Scratching the surface of ancient Angkor

Scratching the surface of ancient Angkor
The greatest of all human delusions is that there is a tangible goal, and not just direction towards an ideal aim. The idea that a goal can be attained perpetually frustrates human beings, who are disappointed at never getting there, never being able to stop.
-Stephen Spender, World Within World

 

To truly understand the Khmer Empire that ruled over most of Southeast Asia from 800 BC to the 1400s, it is best to visit the ruins of the capital city, Angkor.  Located north of Siem Reap in Cambodia, the UNESCO World Heritage Site of Angkor boasts the stunning remains of the different capitals of the Khmer Empire, from the 9th to the 15th century.  What remains of the grand, ancient monuments symbolizes the empire's abundance of power, wealth, culture, architectural skills, and belief systems.  Recent studies show that Angkor, during its zenith in the 11th to 13th centuries, was the largest pre-industrial urban center in the world supporting nearly one million people over 1,000 square kilometers (390 square miles).  Most notably, and still visible today, the ancient city had a complicated water management network used to control water in the area and provide a stable source of irrigation during unpredictable monsoon seasons and population increases.

aerial of Siem Reap (south) & Angkor

aerial of Siem Reap (south) & Angkor

Angkor has more than one thousand temples, from small piles of bricks to carefully restored complexes.  The UNESCO site is spread out and requires a ticket to enter.  And ticket prices are not cheap, especially after a significant price hike last year: a one-day ticket is $37, three-day $62 and seven-day $72.  (Although considering the negative impacts of increasing tourism in Angkor, the price increases are justified.)  I purchased the one-day ticket and therefore only saw a sliver of the ancient city's offerings, but in that short period of time I was able to get a flavor of Cambodia's glorious past tucked into lush jungles.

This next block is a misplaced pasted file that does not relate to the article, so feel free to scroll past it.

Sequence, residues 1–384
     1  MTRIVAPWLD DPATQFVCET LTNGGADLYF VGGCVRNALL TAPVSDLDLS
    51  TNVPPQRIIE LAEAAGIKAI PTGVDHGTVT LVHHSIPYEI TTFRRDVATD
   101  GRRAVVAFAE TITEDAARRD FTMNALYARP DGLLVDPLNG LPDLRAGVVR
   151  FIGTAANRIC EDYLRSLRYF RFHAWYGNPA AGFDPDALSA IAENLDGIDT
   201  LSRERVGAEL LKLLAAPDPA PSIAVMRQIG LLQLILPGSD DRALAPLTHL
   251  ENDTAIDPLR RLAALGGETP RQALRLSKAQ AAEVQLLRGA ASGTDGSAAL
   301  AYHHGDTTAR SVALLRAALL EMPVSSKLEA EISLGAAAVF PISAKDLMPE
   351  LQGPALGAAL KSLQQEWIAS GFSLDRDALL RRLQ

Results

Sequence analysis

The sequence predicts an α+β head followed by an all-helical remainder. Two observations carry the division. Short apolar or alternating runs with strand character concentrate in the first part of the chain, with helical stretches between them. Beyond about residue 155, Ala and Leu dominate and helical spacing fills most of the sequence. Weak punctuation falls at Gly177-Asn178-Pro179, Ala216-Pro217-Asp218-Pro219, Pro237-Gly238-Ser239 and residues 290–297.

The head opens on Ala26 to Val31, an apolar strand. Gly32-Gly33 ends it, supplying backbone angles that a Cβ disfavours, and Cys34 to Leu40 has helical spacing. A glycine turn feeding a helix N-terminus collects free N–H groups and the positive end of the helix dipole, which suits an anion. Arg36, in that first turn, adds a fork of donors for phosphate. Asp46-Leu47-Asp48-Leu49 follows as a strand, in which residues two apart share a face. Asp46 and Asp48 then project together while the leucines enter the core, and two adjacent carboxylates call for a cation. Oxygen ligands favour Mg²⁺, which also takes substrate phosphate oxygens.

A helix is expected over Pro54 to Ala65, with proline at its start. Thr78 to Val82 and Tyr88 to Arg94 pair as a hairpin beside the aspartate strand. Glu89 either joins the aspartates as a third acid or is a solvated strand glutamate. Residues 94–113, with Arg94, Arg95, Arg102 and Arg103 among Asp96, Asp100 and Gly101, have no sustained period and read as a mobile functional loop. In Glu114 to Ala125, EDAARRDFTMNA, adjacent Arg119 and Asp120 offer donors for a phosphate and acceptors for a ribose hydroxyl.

Siem Reap

Siem Reap is a moderately-sized (250,000 people) river town in northwest Cambodia, and where most people stay when visiting Angkor.  So it's safe to say that the town is very touristy, but a great stop in and of itself.  Siem Reap was founded in the early 800s and still has much of its original colonial and Chinese-style architecture in the Old French Quarter, and around the Old Market.  I liked Siem Reap more than Phnom Penh, probably because the downtown had more historic buildings and trees.

 

 

 

Siem Reap & Angkor by tuk tuk

Touch (pronounced "Took") in his tuk tuk greeted me when I arrived by bus in Siem Reap, and he graciously acted as my guide the next day in Angkor.  He was a super-friendly Cambodian and knew just the right temples to squeeze into one day (just ignore my tourist outfit; I gave up in the heat).  His WhatsApp is +855 17 787 532 for anyone looking for an excellent guide and tuk tuk driver in Siem Reap :)

 

 

Ta Prohm Temple